USCIS Revises Change of Status From B-1/B-2 to F-1 Policy
May 8, 2017
US Citizenship and Immigration Services (USCIS) has announced that it will revise its
interpretation of a rule regarding applications to change status from B visa (B-1 visitor for business and B-2 visitor for pleasure) to F-1 visa (for academic students) or M-1 visa (for vocational students). USCIS's new policy will make the application process more onerous for the visa applicants.
Under the current regulations, B visas are intended exclusively for individuals who enter the United States for a short, defined period of time, for a purpose consistent with the tourist or limited business related activities. An individual may not seek admission under a B visa in order to subsequently engage in activities outside the scope of the B visa requirements, such as working or going to school. If B visitors decide to enroll in school after entering the U.S. , and they meet certain requirements, they may apply to change status from B to F or M student. Change of status applicants should now consider certain procedural guidelines including the revised USCIS adjudication policy before submitting their application.
B-1/B-2 Visitors May Not Enroll in School The current regulations prohibit foreign nationals from enrolling in any course of study in United States while on B-1/B-2 status aside from very limited, short-term recreational study programs and professional conferences (i.e., courses that do not offer credit towards a degree). Enrolling in a course of study will automatically result in a status violation. Individuals in B-1/B-2 status who have violated their immigration status are prohibited from applying to change or extend their status. The regulations also require that B-1/B-2 visitors who wish to change their status to F or M students continue to maintain their status and not work in the US without authorization. The candidate may begin studying or working on campus only after the application to change status is approved.
Application to Change Status from B visa to F/M Student Must Be Approved Before Starting School The application to change status form B visa to F/M student is made on From I-539. The applicant's current nonimmigrant status must be valid at the time the change of status application is received by USCIS and must remain valid up until the date that the new status is requested to begin. In regards to F-1/M-1 nonimmigrant status, one's status is permitted to begin up to 30 days prior to the start of classes. Therefore, for one to change status from B-1/B-2 to F or M status, an applicant's B status must not expire more than 30 days prior to the start of the F or M program start date.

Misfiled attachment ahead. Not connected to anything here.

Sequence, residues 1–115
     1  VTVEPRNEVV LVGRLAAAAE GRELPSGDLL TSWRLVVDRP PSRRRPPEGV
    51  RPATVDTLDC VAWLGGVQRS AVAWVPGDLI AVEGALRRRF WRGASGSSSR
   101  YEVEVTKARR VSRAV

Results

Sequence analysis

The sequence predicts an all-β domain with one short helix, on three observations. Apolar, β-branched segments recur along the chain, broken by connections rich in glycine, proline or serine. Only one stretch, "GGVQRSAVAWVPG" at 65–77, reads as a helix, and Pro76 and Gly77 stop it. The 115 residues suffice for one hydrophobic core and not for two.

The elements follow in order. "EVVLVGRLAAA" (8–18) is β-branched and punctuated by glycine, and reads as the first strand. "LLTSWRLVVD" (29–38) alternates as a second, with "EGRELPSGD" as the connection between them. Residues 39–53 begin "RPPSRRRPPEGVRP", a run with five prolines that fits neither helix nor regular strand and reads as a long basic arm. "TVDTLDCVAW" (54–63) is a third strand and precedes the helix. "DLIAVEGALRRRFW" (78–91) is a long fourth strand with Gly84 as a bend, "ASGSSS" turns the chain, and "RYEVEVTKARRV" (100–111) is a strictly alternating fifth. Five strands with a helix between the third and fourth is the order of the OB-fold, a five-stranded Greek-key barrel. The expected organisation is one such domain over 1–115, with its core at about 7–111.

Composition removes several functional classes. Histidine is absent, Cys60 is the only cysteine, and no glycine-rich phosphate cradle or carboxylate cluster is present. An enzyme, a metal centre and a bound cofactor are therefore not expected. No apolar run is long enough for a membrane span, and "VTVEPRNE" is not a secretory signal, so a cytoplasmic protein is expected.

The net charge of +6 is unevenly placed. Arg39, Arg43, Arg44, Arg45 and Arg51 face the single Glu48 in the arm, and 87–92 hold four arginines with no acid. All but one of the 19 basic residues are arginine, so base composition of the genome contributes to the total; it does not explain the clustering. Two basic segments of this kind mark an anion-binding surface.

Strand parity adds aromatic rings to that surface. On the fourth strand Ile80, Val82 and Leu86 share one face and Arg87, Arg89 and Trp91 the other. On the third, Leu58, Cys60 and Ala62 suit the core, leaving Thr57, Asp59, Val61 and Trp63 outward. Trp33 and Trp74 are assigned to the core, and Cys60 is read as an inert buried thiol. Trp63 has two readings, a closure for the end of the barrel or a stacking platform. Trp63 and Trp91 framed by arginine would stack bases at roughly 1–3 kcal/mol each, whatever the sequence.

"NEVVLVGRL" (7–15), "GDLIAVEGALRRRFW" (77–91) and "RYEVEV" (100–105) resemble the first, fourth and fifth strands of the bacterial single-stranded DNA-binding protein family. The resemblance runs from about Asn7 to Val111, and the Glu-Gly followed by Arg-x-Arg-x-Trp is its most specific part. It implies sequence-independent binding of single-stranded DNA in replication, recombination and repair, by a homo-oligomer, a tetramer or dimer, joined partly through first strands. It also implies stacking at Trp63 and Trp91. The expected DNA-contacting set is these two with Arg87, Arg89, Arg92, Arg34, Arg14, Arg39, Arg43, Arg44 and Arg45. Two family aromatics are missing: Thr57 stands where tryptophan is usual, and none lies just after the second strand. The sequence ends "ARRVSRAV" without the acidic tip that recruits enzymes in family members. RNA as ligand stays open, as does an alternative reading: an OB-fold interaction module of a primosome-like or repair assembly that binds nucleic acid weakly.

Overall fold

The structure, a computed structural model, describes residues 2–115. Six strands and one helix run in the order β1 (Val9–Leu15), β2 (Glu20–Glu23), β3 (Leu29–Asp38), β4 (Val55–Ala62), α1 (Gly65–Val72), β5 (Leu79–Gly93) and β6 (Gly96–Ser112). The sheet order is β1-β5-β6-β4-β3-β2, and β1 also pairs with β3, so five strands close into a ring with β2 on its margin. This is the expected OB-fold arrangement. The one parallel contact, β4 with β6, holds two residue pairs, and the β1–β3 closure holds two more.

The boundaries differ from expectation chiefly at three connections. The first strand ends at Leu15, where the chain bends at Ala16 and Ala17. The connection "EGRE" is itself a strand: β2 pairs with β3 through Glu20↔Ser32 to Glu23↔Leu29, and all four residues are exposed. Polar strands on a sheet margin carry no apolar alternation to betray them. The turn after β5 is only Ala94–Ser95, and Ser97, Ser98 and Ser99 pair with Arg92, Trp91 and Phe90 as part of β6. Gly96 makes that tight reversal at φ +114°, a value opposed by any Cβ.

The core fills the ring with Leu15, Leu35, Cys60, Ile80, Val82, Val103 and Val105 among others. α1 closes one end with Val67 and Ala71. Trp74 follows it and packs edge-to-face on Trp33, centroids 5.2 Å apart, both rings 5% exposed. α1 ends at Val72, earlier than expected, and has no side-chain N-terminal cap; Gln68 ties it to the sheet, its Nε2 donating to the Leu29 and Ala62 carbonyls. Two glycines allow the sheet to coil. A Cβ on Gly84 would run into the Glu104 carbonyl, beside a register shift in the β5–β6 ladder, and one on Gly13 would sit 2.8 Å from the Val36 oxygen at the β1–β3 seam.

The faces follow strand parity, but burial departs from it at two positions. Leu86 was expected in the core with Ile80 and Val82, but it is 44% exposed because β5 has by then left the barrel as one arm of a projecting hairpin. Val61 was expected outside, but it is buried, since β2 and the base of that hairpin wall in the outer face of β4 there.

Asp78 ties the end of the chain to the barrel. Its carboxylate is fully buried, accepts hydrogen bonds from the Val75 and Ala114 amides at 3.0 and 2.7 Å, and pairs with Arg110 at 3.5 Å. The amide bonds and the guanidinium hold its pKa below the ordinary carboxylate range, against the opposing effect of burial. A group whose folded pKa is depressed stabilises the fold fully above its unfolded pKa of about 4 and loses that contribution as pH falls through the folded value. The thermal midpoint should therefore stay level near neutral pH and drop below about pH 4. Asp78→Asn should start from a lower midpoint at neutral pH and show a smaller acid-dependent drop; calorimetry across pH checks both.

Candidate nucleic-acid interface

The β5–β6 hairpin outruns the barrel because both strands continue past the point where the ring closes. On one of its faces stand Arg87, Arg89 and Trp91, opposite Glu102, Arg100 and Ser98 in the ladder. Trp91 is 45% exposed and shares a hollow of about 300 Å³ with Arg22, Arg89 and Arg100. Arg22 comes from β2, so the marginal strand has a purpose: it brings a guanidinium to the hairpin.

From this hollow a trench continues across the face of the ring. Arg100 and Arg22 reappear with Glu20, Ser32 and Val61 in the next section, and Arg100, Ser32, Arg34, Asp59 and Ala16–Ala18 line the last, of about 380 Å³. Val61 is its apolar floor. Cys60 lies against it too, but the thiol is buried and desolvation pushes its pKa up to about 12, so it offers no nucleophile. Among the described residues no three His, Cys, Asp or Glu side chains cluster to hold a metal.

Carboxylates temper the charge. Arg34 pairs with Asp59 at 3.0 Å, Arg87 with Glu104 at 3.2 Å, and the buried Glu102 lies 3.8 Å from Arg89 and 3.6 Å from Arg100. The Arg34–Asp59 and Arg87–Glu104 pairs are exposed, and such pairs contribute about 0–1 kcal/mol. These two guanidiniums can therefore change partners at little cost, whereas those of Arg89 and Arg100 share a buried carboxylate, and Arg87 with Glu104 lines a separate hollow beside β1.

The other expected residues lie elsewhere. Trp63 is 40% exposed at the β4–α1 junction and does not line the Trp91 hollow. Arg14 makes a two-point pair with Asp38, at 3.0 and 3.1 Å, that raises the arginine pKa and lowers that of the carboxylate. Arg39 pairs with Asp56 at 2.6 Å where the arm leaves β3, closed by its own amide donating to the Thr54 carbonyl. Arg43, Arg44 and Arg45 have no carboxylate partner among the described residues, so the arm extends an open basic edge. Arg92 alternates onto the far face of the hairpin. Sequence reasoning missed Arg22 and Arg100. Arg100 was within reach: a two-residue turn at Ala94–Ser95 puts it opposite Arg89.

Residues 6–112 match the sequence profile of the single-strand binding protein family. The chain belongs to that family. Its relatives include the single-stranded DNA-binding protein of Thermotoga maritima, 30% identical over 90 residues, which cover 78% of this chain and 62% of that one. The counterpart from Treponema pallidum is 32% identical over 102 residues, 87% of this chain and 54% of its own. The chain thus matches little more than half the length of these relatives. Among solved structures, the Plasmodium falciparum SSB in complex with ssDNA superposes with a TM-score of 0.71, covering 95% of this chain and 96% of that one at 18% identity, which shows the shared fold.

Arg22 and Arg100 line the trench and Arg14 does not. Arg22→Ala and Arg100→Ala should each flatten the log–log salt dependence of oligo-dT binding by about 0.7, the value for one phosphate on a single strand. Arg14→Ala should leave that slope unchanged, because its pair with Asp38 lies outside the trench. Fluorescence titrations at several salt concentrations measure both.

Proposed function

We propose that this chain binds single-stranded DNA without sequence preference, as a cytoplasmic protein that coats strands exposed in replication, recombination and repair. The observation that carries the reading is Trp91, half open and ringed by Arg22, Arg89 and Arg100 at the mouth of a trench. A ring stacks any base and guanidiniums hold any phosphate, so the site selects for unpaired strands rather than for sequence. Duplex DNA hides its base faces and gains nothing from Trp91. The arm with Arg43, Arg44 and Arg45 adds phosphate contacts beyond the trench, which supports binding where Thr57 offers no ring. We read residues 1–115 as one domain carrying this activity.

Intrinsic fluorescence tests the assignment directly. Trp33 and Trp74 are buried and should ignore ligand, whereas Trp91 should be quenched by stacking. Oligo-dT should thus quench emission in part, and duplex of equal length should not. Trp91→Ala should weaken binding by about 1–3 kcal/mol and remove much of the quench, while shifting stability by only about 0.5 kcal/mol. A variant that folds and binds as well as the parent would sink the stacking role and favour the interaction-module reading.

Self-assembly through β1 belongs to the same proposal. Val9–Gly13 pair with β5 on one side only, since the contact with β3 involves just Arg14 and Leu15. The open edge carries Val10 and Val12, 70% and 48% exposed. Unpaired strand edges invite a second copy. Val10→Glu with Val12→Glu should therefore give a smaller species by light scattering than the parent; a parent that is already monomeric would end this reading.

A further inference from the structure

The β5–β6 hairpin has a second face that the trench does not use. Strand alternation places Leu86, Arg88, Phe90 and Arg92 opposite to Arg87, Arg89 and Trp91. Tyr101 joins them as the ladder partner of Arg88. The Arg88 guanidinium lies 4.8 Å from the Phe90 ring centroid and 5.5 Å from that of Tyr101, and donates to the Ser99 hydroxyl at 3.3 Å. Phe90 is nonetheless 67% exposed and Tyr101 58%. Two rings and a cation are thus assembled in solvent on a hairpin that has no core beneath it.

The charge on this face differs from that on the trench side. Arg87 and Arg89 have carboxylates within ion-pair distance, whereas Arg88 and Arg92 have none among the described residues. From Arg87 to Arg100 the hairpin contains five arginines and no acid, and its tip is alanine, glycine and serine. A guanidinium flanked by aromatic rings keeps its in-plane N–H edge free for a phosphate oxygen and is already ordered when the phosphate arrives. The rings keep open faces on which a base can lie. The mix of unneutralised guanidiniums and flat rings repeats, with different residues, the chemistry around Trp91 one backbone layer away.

30-Day Revised Gap Rule As explained above, the regulations provide that there cannot be a gap greater than 30 days between the date the B-1/B-2 status expires and the F/M program start date. The USCIS practice was to count this gap period as the time between the expiration of the B-1/B-2 status and the requested (or initial) program start date if USCIS was unable to adjudicate the change of status application in time for the requested start date. The recently revised policy instructs applicants to file a second application to change status to bridge the gap between when the date B-1/B-2 expires and the deferred (actual) program start date. In other words, USCIS has now formalized their policy of requiring the applicant to file a "bridge application" in the event the originally intended F-1 or M-1 visa start date is deferred due to USCIS delay in adjudicating the application to change status. Given the current estimated 8-month processing time to adjudicate an application to change status, the reality is that most B to F or M change of status applicants will likely be required to defer their start date of any course of study.
B-1/B-2 visitors considering applying for a change of status continue to face significant legal and procedural challenges. The revised USCIS 30-day rule is just another complicating factor that creates new pitfalls and increased costs for foreign nationals who wish to study in the U.S. The practical reality forces foreign nationals to "consular process" or apply for new visas at U.S. consulates abroad in order to study in the U.S. within the time frames created by most schools.